Antidepressants Don't Work for All

And while antidepressants can improve fibromyalgia symptoms, they don't work for everyone.

According to Hauser, about one out of four to six patients experiences significant pain reductions of about 30% while taking an antidepressant.

Since antidepressants can have significant side effects, even when given in small doses, patients taking them for fibromyalgia should be followed closely, he adds.

Right now, it is not clear which fibromyalgia patients will benefit from treatment with antidepressants and which ones will not, but National Fibromyalgia Association President Lynne Matallana tells WebMD that this may soon change.

"These drugs are useful in a certain population of people with fibromyalgia," she says. "I would say that within three years we will be better able to tell who these patients are and target treatments to them."

University of North Carolina rheumatologist and professor of medicine Nortin Hadler, MD, remains unconvinced that fibromyalgia is a distinct medical condition and he says it is far from clear whether the benefits of giving antidepressants for this indication outweigh the risks.

Just over 75% of the patients taking antidepressants in the analysis reported side effects, compared to just over 62% of patients taking placebo.

"I have a problem with telling people to take antidepressants if they are not suffering from depression," he says. "In the studies included in the analysis, the patients who responded to treatment did not get that much better. There is nothing dramatic going on with these drugs except their side effects and their price."

Other Fibromyalgia Treatments

Matallana points out that while drug treatments have been shown to help some fibromyalgia patients, so have other approaches to treatment including:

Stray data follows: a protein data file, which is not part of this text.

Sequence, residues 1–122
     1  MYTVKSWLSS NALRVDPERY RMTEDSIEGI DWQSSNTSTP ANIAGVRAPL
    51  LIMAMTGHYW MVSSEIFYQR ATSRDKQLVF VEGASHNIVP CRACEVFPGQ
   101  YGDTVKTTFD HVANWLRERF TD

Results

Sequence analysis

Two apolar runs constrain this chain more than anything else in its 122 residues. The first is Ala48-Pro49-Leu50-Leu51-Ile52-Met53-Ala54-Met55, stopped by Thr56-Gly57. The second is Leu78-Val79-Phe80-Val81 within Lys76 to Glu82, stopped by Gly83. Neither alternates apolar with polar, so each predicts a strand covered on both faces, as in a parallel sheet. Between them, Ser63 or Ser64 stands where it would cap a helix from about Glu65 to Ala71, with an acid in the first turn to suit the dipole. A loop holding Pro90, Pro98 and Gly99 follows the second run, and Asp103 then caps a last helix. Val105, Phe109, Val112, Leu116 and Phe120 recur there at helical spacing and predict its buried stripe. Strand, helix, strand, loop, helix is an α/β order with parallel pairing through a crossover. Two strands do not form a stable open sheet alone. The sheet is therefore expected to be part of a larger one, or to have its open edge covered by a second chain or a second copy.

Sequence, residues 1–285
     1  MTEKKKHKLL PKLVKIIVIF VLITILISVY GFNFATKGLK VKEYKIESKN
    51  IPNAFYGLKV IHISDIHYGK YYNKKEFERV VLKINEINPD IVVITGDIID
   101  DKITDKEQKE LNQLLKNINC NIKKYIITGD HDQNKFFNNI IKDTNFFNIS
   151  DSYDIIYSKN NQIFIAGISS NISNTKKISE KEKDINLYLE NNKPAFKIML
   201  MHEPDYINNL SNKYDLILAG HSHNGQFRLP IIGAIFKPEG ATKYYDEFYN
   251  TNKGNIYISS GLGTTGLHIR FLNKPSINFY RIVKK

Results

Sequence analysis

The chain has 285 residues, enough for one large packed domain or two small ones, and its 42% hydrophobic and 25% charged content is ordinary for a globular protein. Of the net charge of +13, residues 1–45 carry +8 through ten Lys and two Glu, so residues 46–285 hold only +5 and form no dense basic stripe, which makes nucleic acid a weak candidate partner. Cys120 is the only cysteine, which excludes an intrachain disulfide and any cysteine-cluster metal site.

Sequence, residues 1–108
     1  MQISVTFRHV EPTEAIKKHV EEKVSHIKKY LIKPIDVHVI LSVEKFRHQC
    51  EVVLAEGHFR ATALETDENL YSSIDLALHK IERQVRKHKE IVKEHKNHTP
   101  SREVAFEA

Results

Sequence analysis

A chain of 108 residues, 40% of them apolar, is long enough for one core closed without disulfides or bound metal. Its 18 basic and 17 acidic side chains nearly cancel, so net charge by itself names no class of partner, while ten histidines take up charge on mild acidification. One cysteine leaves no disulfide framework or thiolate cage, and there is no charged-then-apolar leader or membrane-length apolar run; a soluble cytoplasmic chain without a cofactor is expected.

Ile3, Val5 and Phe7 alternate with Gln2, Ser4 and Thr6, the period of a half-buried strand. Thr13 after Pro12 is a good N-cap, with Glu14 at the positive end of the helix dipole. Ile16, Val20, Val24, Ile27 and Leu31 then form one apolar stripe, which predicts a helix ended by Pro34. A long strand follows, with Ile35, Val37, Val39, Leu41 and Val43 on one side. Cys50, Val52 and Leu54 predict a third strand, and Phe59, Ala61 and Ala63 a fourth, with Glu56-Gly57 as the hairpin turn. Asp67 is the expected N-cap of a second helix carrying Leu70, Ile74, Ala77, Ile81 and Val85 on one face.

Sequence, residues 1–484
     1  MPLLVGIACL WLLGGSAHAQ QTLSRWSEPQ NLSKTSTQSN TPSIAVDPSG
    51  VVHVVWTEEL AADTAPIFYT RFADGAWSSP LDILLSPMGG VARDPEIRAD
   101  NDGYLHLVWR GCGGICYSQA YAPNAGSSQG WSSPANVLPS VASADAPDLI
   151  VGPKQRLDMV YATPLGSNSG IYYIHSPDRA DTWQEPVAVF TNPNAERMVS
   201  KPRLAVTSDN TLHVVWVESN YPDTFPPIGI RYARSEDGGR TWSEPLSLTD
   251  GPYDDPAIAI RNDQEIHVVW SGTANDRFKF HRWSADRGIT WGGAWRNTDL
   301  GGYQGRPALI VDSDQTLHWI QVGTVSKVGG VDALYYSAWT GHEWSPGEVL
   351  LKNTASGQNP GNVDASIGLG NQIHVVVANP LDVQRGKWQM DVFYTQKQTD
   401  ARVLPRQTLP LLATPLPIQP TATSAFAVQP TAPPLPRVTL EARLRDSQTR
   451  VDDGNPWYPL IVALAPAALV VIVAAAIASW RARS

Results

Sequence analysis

• Diet and exercise. Studies suggest that more than half of fibromyalgia patients become obese, although the reason for this is not well understood. Eating a healthy diet may help, and studies have shown that regular exercise boosts endorphin production, which can decrease pain.
  • Physical therapy. Physical therapy can help relieve fibromyalgia pain and stiffness and help relax tense muscles.
  • Cognitive behavioral therapy, therapeutic massage, biofeedback, and other nontraditional approaches have been shown to help some patients.

"One of the most important and most challenging things is to find a health care provider who knows about fibromyalgia," she says. "That can be really difficult, because so many physicians still don't understand it."

Show Sources


Hauser, W. The Journal of the American Medical Association, Jan. 14, 2009; vol 301: pp 198-209.

Winfried Hauser, MD, Klinikum Saarbrucken, Saarbrucken, Germany.

Lynne Matallana, president, National Fibromyalgia Association.

Nortin Hadler, MD, professor of medicine, University of North Carolina, Chapel Hill.

Sonja Popp-Stahly, senior communications associate, Eli Lilly & Co.